The password sniffer program offered an example of why protocols like Telnet, FTP, and HTTP have been improved upon or abandoned in some use cases. This is because it is much too easy for anyone to obtain the user authentication information using a password sniffer. The program also emphasizes the need to have multiple passwords for different accounts. This is because if a user were to use the same username and password for FTP and an online banking website, once the FTP credentials are uncovered, essentially the user’s online bank login information are compromised as well. Then it is not difficult for an attacker to track the online activity of the user and determine the user’s exact online banking website and use the compromised information to login to the user’s online bank account. It was also shown that password cracking can be easily done for simple or common passwords. To make password cracking more difficult, passwords should be long and complex to deter at minimum a good dictionary attack.
|||WinPcap, "The industry-standard windows packet capture library," http://www.winpcap.org/|
|||WinPcap, "WinPcap tutorial: a step by step guide to using WinPcap," http://www.winpcap.org/docs/docs_412/html/group__wpcap__tut.html|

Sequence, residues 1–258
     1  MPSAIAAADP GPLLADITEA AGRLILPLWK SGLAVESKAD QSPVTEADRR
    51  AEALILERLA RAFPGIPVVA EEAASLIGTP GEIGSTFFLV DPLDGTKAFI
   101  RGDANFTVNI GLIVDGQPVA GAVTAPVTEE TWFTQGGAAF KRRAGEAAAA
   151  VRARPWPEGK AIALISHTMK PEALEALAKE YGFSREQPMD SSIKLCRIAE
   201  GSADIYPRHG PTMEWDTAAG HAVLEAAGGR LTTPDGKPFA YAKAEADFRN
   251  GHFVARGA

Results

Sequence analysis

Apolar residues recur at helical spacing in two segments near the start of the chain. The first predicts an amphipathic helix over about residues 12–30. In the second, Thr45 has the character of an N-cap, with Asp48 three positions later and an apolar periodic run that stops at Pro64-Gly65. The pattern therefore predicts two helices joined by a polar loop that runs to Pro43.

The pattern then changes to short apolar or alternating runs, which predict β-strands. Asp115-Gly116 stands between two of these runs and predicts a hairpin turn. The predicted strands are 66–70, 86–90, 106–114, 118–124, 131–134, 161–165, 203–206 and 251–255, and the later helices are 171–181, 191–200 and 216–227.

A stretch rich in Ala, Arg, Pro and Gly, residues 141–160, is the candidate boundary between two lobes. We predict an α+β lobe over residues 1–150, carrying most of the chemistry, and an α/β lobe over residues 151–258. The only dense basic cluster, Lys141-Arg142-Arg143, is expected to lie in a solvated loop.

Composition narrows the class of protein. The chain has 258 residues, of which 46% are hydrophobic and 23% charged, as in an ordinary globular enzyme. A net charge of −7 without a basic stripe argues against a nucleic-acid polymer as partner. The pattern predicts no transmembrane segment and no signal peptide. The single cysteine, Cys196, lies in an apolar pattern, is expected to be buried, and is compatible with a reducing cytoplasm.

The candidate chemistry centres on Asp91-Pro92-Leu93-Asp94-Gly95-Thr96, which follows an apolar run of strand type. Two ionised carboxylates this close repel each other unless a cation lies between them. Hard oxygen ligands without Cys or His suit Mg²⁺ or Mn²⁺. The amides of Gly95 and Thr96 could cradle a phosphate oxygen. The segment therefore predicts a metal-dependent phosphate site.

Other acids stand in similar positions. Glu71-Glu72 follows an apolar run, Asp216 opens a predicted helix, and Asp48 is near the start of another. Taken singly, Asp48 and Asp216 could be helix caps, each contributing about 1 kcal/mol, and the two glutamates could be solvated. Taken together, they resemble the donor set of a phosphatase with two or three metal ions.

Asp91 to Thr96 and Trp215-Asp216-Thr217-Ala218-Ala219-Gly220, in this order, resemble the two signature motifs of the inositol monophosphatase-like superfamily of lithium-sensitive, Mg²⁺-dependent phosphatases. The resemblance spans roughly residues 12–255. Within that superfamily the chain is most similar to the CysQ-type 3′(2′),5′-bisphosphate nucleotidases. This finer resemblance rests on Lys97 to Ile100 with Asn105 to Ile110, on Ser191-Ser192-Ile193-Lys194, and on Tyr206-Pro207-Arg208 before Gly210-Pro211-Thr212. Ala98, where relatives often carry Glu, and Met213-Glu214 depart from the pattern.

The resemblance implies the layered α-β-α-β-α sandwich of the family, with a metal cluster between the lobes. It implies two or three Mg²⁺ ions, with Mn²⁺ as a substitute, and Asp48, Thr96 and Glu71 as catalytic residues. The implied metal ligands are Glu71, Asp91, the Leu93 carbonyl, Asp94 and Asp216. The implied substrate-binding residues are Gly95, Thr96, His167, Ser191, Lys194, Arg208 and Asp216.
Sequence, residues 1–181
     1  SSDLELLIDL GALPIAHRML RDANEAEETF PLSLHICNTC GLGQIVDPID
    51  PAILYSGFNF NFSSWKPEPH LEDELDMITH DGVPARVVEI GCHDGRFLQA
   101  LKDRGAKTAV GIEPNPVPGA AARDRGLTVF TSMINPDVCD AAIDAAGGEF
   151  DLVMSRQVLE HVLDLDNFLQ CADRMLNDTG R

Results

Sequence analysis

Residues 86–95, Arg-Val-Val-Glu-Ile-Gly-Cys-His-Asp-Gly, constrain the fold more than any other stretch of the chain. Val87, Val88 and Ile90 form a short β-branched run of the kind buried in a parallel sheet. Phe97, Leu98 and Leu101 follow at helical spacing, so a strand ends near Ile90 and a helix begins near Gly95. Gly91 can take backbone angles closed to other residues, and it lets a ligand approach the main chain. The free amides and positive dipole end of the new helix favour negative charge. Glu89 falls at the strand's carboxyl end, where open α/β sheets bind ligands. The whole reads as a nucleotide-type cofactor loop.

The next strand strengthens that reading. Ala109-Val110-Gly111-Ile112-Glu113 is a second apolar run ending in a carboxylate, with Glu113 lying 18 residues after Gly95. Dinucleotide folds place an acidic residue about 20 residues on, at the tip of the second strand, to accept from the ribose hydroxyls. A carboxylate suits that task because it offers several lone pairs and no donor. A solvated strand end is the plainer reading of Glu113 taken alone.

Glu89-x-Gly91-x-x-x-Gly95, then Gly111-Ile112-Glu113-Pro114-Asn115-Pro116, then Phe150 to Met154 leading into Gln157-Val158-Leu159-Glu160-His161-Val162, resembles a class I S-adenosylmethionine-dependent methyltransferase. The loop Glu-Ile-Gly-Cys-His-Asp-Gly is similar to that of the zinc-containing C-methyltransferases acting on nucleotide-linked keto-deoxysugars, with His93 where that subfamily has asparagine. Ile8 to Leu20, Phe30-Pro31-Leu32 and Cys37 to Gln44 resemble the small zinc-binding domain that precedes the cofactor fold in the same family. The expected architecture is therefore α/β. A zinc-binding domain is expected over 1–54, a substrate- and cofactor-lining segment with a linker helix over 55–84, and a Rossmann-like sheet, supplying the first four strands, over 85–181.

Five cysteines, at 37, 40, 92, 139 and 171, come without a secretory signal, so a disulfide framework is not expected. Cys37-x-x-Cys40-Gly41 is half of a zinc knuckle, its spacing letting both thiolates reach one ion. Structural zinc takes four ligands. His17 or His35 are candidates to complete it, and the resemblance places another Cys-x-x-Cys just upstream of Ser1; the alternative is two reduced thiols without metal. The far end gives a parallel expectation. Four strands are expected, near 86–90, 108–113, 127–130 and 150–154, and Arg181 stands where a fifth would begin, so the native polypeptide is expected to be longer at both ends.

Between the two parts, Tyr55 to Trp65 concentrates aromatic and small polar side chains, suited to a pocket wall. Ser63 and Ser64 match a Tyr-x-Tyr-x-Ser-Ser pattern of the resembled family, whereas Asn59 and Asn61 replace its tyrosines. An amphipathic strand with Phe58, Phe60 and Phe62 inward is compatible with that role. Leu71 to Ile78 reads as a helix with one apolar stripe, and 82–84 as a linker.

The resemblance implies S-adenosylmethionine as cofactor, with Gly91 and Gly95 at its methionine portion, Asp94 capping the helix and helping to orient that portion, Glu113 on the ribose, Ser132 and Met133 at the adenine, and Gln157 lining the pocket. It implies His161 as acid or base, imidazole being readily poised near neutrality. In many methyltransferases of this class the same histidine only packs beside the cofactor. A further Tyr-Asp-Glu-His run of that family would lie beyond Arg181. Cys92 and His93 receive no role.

|||Dan Lo, "How to: Program Development with Winpcap Using Microsoft VisualStudio," https://www.youtube.com/watch?v=QIZ9fmV5rMQ|
|||iTech, "How to turn your Windows 7/8 Laptop into a WiFi Hotspot 2014," https://www.youtube.com/watch?v=zFHIvCMTqbQ|
|||Martin Casado, "The Sniffer's Guide to Raw Traffic," http://yuba.stanford.edu/~casado/pcap/section1.html|
|||John the Ripper, "John the Ripper password cracker," http://www.openwall.com/john/|
|||Wikipedia, “Telnet,” http://en.wikipedia.org/wiki/Telnet|
|||Wikipedia, “File Transfer Protocol,” http://en.wikipedia.org/wiki/File_Transfer_Protocol|
|||Wikipedia, “Hypertext Transfer Protocol,” http://en.wikipedia.org/wiki/Hypertext_Transfer_Protocol|
|API||Application Programming Interface|
|FTP||File Transfer Protocol|
|HTTP||Hypertext Transfer Protocol|
|WinPCap||Windows Packet Capture API|
|MD5||Message Digest 5|